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Bemis Riddell Chaise Lounge

Bemis Riddell chaise lounge custom made for the company owner, Albert Bemis, c. 1925 (reupholstered, c. 1940).
(Museum Object #1984.319.1A-B)

Relaxing in a lounge chair while taking in views of Wisconsin's lake beauty is a summertime tradition enjoyed by generations of Wisconsin residents and visiting tourists. But not everybody has the good fortune to relish the experience on a piece of furniture custom made by skilled craftsmen. This fiber chaise lounge was made around 1925 by craftsmen at the Bemis Riddell Fibre Company of Sheboygan, Wisconsin specifically for co-owner Albert Bemis. It resided in the Bemis family's Sheboygan home in a room overlooking Lake Michigan.

The term chaise lounge is an adaptation of the French term chaise longue meaning "long chair". Because of the similarity of the French word "longue" and the English word "lounge", the chaise is usually referred to as a chaise lounge by Americans. The origins of the chaise lounge are rooted in ancient cultures of Greece, Africa, and the Egyptian daybed. Its form and function make it well suited for use on the patio or porch. Interestingly, the form and length of Albert's custom-made piece is more like a day bed than a chaise lounge.

This chaise lounge features extensive loom-woven fiber construction surrounding a wooden frame. The painted fibers are original but the full-length padded mattress, which rests above a built-in metal box spring, and the other fabric portions were reupholstered around 1940. Though lightweight in appearance, this chaise is a substantial piece of furniture measuring 80 inches long, 25 inches wide, and 40 inches high.

Making fiber furniture required many steps. First, machines cut 20 foot rolls of craft paper into 3 inch strips, which were then wound into tough, durable fibers. Skilled craftsman wove the fibers into furniture components such as chair seats and backs. As production increased, weaving took place on looms. These components were then dipped into glue, dried, painted, and carefully assembled by craftsman into finished products such as chairs, rockers, sofas, and chaise lounges.

In 1916 two Sheboygan furniture manufacturers joined forces to make a new type furniture for the American marketplace - fiber furniture. Albert Bemis and George Riddell formed the Bemis Riddell Fibre Company and began production in space rented from a Sheboygan glove company., Within two years, their success allowed Bemis Riddell to build their own large, four-story factory. Even though it required significant amounts of skilled labor, low labor costs and cheap materials made fiber furniture affordable. Subsequently, consumer demand soon reached an all time high, peaking in the 1920s.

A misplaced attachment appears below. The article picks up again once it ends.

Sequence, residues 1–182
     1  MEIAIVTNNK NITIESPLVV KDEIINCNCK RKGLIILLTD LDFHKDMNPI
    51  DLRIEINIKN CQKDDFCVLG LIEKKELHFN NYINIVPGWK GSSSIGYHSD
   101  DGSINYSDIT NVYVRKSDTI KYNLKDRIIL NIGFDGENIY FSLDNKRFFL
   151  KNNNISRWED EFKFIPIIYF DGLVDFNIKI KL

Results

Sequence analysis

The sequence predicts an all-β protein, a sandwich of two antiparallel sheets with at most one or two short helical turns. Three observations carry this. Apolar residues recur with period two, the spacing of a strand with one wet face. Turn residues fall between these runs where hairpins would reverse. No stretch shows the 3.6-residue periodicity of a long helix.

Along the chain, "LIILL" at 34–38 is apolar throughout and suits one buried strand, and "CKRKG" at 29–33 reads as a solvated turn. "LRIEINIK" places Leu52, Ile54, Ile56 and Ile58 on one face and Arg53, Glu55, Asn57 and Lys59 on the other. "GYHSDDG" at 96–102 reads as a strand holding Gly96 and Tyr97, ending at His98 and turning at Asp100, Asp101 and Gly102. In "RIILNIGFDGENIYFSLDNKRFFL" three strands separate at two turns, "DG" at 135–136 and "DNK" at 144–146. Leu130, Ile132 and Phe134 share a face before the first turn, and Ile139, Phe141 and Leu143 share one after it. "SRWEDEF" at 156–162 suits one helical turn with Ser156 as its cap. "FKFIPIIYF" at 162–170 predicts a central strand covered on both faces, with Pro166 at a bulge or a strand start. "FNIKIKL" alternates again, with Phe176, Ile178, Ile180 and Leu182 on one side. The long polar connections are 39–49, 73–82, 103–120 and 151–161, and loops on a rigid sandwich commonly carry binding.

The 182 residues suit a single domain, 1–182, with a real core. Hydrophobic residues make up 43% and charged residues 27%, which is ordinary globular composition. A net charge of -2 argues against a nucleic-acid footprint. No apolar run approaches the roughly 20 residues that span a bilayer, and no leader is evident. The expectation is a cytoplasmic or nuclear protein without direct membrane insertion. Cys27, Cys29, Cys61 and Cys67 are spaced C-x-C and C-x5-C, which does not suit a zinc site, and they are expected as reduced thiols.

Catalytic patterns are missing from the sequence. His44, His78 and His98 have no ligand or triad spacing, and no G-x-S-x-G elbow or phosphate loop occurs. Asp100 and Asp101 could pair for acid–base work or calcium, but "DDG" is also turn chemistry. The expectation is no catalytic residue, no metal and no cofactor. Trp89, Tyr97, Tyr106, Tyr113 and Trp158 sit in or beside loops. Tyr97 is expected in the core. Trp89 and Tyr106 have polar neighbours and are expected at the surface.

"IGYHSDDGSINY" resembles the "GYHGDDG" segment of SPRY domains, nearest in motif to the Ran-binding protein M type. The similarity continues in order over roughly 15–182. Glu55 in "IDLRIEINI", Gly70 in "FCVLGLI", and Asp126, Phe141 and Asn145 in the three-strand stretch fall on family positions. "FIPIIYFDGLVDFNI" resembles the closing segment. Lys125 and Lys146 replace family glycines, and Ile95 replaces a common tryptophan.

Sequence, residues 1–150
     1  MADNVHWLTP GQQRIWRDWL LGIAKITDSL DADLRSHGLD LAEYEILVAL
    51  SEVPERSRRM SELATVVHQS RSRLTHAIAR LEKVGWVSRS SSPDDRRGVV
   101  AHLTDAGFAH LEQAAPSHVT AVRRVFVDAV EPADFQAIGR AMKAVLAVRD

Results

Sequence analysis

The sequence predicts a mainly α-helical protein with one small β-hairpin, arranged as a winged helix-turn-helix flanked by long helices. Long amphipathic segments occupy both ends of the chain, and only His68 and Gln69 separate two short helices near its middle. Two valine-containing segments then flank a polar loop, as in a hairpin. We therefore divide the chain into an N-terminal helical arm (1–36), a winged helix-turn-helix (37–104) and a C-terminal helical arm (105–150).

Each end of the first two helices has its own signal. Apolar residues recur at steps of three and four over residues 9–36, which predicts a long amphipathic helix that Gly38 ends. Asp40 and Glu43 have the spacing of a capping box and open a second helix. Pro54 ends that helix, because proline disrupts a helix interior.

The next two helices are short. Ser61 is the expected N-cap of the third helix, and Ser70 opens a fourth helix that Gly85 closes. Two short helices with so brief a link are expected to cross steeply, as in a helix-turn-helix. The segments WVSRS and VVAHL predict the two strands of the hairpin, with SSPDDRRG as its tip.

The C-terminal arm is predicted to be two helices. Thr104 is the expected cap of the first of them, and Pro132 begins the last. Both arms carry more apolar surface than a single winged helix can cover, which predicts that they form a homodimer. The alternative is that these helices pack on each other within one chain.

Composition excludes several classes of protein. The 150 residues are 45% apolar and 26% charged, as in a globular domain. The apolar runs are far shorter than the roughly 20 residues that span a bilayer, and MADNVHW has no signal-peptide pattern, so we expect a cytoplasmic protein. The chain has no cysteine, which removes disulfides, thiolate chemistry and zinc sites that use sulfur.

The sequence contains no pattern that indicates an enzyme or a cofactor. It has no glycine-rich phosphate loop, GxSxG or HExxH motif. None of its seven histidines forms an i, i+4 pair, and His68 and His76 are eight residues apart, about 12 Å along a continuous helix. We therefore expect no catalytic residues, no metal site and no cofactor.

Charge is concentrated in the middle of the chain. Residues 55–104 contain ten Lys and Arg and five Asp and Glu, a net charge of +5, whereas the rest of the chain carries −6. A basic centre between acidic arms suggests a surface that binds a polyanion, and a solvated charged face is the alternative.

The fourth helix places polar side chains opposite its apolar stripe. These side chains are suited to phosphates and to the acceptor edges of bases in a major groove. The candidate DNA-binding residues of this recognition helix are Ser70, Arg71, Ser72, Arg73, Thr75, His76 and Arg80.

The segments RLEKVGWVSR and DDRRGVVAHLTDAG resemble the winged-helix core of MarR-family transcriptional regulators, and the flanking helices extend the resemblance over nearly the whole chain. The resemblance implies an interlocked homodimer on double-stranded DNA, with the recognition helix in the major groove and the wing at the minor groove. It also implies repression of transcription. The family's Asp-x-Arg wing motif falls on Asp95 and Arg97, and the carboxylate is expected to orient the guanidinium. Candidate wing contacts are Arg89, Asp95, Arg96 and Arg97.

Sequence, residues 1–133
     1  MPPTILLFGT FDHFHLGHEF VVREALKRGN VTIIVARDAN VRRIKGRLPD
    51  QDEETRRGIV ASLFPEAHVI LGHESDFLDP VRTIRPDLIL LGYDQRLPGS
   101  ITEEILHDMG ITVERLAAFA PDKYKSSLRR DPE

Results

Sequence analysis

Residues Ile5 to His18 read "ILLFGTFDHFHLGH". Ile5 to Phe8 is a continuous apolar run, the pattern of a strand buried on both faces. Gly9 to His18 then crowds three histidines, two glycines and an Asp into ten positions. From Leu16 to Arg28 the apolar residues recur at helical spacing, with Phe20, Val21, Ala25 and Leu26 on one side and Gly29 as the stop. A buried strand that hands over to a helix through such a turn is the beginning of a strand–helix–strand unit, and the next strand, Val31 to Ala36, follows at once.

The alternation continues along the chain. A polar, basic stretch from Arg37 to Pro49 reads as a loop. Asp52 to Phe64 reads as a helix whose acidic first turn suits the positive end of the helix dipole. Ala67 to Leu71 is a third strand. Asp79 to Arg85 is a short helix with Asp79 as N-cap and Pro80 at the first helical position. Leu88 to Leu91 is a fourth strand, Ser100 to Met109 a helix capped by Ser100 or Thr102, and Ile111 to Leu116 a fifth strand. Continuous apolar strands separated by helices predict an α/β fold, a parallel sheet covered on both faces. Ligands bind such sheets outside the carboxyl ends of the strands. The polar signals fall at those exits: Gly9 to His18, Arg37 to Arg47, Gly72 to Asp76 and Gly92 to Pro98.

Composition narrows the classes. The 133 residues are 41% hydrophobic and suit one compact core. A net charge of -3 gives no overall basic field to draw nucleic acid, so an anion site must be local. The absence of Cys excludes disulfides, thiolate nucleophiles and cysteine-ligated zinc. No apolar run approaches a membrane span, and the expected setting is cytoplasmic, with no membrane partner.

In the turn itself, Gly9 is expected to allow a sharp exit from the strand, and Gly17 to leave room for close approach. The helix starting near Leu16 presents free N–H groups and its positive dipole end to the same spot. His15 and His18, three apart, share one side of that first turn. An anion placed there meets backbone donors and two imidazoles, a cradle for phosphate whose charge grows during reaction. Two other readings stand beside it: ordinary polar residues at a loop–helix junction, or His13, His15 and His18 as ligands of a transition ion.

Business was booming for Bemis Riddell in 1924 so the company built a major addition and sought to diversify their holdings when they bought the White Wagon Works of nearby Sheboygan Falls. Perhaps foreseeing that not all good times last, Bemis made a move in 1928 that would prove very wise. He bought out Riddell's interest in the wagon company, and Riddell bought Bemis's interest in the fiber furniture company. For Riddell, increased wages and decreased demand brought on by the 1930s Great Depression took a heavy toll on the fiber furniture industry, and in 1934 his fiber company declared bankruptcy.

Bemis fared better as his newly acquired wagon company, renamed the Bemis Manufacturing Company, began making novelty furniture to accompany its toy wagon products. In 1932 the company began producing wooden toilet seats - much more of a consumer necessity than novelty furniture. Over the years toilet seats became the company's main product and helped it ride out the economic downturn of the Depression. Today, the Bemis Manufacturing Company is a global manufacturer of plastic products and has become the world's largest maker of plastic toilet seats.

[Sources: Laun, Peter. "The Bemis Story: a History of the Bemis Manufacturing Company of Sheboygan Falls, Wisconsin" (copyright Peter Laun, 1987); Hildebrand, Janice. Chairs (Sheboygan, WI: Joint Research & Publications Committee of the Sheboygan County Historical Society and the Sheboygan County Historical Research Center, 1994).]

JEK


Posted on June 21, 2007

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  • House & Home
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